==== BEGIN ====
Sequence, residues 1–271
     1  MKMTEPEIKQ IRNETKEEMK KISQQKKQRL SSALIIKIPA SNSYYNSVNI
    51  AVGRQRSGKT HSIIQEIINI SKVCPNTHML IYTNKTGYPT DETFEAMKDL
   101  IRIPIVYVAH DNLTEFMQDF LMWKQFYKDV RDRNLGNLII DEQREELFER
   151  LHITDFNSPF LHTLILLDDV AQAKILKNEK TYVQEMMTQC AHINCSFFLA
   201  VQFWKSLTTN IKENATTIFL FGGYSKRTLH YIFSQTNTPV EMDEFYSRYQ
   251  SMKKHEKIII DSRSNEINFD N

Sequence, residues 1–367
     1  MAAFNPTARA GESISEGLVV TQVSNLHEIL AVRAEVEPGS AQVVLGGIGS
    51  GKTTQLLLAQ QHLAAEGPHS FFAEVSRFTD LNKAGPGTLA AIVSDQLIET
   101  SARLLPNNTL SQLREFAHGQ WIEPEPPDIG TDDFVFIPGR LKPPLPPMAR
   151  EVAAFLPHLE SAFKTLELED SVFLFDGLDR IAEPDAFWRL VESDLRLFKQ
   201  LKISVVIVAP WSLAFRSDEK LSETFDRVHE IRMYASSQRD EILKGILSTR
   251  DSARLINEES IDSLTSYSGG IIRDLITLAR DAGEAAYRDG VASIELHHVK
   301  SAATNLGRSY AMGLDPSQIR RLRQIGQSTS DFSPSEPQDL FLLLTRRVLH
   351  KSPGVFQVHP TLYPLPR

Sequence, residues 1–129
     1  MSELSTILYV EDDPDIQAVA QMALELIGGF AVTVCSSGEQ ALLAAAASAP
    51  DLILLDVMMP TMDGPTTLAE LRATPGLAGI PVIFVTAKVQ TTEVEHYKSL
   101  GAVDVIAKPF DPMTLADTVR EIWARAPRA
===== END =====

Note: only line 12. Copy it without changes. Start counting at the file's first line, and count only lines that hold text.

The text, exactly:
   151  EVAAFLPHLE SAFKTLELED SVFLFDGLDR IAEPDAFWRL VESDLRLFKQ